CNBC's Power Lunch hosts failed to challenge Mike Pence's debunked Republican claim that a cap-and-trade program would cause "the utility rates of every American household go up by more than $3,100 per year."
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On the April 20 edition of CNBC's Power Lunch, co-hosts Sue Herera, Michelle Caruso-Cabrera, Bill Griffeth, and Dennis Kneale all failed to challenge Rep. Mike Pence's (R-IN) debunked claim that the Obama administration and Capitol Hill Democrats are planning to introduce cap-and-trade legislation "which literally could see the utility rates of every American household go up by more than $3,100 per year." Pence's assertion echoes a claim by the House Republican Conference that the administration's FY 2010 budget included "a light switch tax that would cost every American household $3,128 a year"; the conference's staff reportedly pointed to a 2007 study by the Massachusetts Institute of Technology (MIT) to support its claim. But MIT professor John Reilly, one of the authors of the study, has disputed the GOP's calculation, stating that his study "has been misrepresented" and that the Republicans' claim of an average household cost of $3,128 is "nearly 10 times the correct estimate" based on his study's cap-and-trade model.
On April 1, Reilly wrote a letter to House Republican Leader John Boehner (OH) (which Think Progress posted on its website) stating that there were "several things wrong with [the Republican] calculation," that Republicans' methodology was flawed, and that the study "has been misrepresented." Reilly wrote that this talking point "claims our report estimates an average cost per family of a carbon cap and trade program that would meet targets now being discussed in Congress to be over $3,000, but that is nearly 10 times the correct estimate which is approximately $340." Reilly then detailed several reasons why the Republican conclusion was flawed.
Reilly further wrote that in arriving at their estimate, the study's authors "assumed in the analysis we did that the revenue is returned to households" and that "[m]any of the proposals currently being considered by Congress and as proposed by the Administration have been designed to offset the energy cost impacts on middle and lower income households and so it is simplistic and misleading to only look at the impact on energy prices of these proposals as a measure of their impact on the average household." According to Obama's fiscal year 2010 budget proposal, from 2010 to 2019, $120 billion of the revenue collected from his cap-and-trade proposal would be "[d]edicated to climate policy (clean energy technologies)," while $525.7 billion would be "[d]edicated to Making Work Pay," indefinitely extending that refundable tax credit for workers and their families that was first implemented in the American Recovery and Reinvestment Act. Further, as detailed in footnote 5 of the budget proposal's table on Mandatory and Receipt Proposals, "[a]ll additional net proceeds will be used to further compensate the public."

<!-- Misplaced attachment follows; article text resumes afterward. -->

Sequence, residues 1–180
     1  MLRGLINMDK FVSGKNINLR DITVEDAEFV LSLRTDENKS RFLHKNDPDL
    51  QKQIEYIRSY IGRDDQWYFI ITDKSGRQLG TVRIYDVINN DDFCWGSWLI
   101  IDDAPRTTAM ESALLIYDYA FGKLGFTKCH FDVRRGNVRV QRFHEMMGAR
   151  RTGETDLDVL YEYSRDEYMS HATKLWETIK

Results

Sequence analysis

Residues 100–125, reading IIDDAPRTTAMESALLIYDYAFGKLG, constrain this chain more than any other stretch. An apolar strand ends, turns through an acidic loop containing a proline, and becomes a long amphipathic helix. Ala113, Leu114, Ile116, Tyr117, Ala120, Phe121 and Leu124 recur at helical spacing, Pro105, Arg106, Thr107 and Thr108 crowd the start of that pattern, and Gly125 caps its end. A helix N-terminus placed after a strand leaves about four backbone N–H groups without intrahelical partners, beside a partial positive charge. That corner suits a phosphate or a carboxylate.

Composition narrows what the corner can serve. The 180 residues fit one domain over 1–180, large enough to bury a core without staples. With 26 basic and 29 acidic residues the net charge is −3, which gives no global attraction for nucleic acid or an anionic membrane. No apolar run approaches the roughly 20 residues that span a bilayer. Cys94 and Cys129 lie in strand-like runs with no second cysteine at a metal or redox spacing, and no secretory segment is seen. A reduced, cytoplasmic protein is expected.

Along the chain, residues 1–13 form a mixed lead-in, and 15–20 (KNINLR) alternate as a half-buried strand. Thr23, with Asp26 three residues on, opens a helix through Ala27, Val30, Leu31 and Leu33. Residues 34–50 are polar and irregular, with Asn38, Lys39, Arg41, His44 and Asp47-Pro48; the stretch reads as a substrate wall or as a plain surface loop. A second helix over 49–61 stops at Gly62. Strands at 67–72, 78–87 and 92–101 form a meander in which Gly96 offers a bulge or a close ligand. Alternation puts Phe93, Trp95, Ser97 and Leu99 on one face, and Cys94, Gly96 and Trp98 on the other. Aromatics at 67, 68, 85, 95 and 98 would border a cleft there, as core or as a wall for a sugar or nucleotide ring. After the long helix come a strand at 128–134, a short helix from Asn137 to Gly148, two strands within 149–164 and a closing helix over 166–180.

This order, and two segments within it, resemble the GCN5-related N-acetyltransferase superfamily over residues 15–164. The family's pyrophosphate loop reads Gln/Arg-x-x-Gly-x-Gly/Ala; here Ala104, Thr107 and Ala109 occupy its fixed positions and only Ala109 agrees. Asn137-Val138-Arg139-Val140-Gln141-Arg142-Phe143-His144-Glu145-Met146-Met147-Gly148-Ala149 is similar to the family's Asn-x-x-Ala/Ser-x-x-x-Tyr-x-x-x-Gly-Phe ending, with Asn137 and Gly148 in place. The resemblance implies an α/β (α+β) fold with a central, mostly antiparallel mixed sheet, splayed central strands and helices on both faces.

From the April 20 edition of CNBC's Power Lunch:
KNEALE: Let's talk cap-and-trade.
KNEALE: I'm really alarmed and worried about this EPA action where just overnight they decided that pollutions and carbon dioxide that I breathe out of my mouth -- a lot of hot air -- are now hazardous to your health. What do you think?
PENCE: Well, we're very concerned about it. And we commented on this, you know, abrupt decision last Friday, which seems to many of us on Capitol Hill to be a precursor to a massive national energy tax. Now you've got the EPA essentially saying that carbon dioxide represents, you know, a threat to the environment. And that's going to set into motion Democrats on Capitol Hill and in this administration bringing forward a cap-and-trade bill which literally could see the utility rates of every American household go up by more than $3,100 per year. I've been asked to lead a working group among Republicans to come up with alternatives to the cap-and-trade deal. Look, we all want cleaner air --
GRIFFETH: Can you give us a for instance?
PENCE: Well, I don't want to get ahead of our team, but I'll tell you, we really, you know, we're for cleaner air. We think you can -- you can pursue policies that'll promote clean air technologies without passing, essentially, a national energy tax, that -- let me tell you, being from Indiana, guys, you know, when you look at the details of this cap-and-trade proposal and you realize that the majority of the financial impact is going to be borne in the Midwest where I'm from, this amounts, literally, to, you know, an economic declaration of war by the West Coast and the East Coast on the Midwest.
Republicans are determined to offer positive alternatives to this cap-and-trade bill, but the first thing we're going to is not allow liberals on Capitol Hill and in this administration to raise a national energy tax that falls principally on the industrial Midwest that relies so much on coal.
KNEALE: Which could least afford it.
GRIFFETH: I wish we had more time. Congressman, thank you for joining us today.